CH353 - Physical Chemistry I
Spring 2013 Unique 52575

Lecture Summary, 28 January 2013


First Law of Thermodynamics:  heat + work = Internal Energy

Heat and work are path functions, meaning that the amount of work done by a system or heat necessary to do it depends on the path the state takes from the initial to final states.  In solving thermodynamic problems, it is always very important to define the path clearly; often the rest of the problem will be trivial.  In the past couple days we have talked about a number of specific examples of the effect of path on work and heat.

Work (w):
  --Free Expansion: expansion into a vacuum, where P(ext) = 0:
           w = 0, deltaU = q

  --Expansion against constant pressure, P(ext) = constant
         
w
= -P(ext)detalV 

  --Isothermal reversible expansion, P(ext) = P(sys) at every point along the pathway:
         w = -nRT ln (Vf/Vi)

Heat (q):
  At constant volume, no work can be done and the change in internal energy, deltaU, is entirely due to q:
         deltaU = qv = CvdeltaT (this is subscript "v" meaning at constant volume

  For an isothermal process, deltaT = 0 and deltaU = 0.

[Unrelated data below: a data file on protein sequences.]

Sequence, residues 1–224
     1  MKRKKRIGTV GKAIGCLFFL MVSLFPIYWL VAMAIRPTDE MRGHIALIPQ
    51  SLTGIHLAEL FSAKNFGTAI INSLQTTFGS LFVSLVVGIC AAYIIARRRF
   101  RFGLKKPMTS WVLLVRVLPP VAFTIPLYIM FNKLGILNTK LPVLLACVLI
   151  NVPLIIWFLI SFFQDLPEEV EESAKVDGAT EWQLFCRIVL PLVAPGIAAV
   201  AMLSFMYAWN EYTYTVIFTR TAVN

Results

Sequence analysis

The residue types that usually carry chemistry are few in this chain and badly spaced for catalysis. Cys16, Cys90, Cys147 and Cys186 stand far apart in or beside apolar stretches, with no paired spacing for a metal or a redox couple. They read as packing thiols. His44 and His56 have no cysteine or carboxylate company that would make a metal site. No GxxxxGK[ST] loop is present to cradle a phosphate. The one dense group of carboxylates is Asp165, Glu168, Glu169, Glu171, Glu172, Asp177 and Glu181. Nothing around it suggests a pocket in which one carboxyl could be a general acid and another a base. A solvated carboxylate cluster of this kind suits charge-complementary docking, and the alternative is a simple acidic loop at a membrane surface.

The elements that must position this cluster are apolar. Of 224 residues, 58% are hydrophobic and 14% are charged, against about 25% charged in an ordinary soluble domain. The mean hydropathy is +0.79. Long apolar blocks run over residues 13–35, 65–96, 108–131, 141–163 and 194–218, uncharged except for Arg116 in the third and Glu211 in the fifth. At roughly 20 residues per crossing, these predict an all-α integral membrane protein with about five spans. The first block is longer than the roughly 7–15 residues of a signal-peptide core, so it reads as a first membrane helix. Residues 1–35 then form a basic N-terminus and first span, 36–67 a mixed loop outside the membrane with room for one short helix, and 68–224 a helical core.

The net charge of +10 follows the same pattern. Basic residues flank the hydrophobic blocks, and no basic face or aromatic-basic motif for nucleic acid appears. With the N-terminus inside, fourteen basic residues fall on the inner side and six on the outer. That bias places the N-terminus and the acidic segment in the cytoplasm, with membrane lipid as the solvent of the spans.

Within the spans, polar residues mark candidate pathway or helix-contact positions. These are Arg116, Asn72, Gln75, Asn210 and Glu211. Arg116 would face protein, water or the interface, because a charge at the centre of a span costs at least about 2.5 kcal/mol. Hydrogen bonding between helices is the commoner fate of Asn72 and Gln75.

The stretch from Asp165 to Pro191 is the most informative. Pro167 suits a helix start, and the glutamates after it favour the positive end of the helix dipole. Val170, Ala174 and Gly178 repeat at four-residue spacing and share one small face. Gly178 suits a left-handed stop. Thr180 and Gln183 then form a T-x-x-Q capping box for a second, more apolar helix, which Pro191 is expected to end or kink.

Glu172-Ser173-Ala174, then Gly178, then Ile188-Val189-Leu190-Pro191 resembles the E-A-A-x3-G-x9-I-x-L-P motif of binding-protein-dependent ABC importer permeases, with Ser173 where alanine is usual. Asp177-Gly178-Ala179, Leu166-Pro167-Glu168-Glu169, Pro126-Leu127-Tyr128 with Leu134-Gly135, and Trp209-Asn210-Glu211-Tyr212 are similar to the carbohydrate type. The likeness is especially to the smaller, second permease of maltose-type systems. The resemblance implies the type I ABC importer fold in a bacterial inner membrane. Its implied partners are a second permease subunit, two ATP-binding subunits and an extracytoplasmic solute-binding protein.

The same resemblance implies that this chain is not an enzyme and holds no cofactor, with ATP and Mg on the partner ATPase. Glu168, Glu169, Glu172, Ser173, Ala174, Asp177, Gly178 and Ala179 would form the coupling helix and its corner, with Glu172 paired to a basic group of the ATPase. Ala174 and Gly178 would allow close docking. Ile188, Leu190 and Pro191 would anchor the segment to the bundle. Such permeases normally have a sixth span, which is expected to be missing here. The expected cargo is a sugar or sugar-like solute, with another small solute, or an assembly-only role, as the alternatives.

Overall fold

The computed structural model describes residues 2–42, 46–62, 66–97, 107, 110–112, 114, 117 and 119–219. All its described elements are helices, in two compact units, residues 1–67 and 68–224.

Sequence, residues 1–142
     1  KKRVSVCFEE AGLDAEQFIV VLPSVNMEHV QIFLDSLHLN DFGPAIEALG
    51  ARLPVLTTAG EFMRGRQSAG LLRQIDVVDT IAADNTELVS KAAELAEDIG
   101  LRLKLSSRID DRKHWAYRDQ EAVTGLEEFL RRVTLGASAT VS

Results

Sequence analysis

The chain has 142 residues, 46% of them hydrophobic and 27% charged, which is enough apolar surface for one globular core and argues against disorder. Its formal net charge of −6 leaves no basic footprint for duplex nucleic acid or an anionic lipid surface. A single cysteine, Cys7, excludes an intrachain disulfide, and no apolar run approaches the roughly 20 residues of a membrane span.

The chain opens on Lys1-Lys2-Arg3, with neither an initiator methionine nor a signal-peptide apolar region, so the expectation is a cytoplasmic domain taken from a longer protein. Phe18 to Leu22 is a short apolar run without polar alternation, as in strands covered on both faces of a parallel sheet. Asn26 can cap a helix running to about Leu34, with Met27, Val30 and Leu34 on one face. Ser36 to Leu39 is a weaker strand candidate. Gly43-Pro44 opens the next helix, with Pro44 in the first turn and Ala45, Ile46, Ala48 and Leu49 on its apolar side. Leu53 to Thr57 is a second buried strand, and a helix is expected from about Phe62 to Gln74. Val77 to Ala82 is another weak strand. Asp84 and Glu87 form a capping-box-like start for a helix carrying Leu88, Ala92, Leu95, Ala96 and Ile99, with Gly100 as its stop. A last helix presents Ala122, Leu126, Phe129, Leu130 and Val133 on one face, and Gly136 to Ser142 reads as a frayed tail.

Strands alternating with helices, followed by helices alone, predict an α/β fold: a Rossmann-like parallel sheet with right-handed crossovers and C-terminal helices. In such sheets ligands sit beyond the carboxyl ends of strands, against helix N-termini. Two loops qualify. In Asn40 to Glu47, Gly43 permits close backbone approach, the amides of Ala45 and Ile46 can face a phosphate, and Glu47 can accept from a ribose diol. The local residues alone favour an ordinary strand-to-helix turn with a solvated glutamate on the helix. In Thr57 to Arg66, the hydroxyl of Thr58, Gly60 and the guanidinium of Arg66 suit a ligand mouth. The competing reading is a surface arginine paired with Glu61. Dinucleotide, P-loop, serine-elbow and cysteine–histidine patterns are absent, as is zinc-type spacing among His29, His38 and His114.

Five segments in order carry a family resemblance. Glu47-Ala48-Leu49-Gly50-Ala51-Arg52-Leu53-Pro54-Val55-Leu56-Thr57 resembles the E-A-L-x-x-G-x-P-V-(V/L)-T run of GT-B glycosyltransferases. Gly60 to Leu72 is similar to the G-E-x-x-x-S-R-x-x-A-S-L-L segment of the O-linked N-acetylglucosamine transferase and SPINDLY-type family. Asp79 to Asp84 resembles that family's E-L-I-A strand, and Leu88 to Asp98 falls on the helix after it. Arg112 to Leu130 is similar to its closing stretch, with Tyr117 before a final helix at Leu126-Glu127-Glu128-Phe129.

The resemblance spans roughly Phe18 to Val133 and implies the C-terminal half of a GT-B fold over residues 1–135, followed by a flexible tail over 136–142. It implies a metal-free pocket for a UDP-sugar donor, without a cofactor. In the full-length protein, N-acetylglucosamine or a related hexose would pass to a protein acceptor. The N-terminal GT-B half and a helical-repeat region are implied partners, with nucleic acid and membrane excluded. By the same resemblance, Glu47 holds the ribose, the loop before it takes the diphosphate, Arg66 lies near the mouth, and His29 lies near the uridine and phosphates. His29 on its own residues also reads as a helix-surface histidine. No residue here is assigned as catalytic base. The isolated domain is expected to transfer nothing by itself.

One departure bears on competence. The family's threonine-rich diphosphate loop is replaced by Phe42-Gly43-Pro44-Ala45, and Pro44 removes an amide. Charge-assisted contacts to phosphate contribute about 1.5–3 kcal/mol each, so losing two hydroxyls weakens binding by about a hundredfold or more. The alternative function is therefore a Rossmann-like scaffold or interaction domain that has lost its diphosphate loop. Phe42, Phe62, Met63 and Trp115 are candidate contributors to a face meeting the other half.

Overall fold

At constant pressure, the system can do work, and this is such an important case that we give this thermodynamic state another term, enthalpy:
        deltaH = deltaU + delta(PV)
        deltaH = qp = CpdeltaT (where subscript p indicates constant pressure). 

  Cp > Cv always.  For an ideal gas, Cp - Cv = nR.  You should know how to derive this.

The last important pathway we will talk about is when q = 0.  This is called an adiabatic path.  By setting deltaU = w, we derived the following equation:

   Cv/nR ln (Tf/Ti) = ln (Vi/Vf)

We will manipulate this equation further to put it in a form that is easier to solve plug-and-chug style, but this is the important result.